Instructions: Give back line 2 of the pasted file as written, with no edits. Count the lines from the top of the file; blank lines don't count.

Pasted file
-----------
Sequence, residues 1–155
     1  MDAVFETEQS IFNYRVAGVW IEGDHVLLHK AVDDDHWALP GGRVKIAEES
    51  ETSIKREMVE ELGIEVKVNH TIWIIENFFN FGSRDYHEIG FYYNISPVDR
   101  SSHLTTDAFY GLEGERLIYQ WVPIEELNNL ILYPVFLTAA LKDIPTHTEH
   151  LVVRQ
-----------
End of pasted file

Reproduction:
     1  MDAVFETEQS IFNYRVAGVW IEGDHVLLHK AVDDDHWALP GGRVKIAEES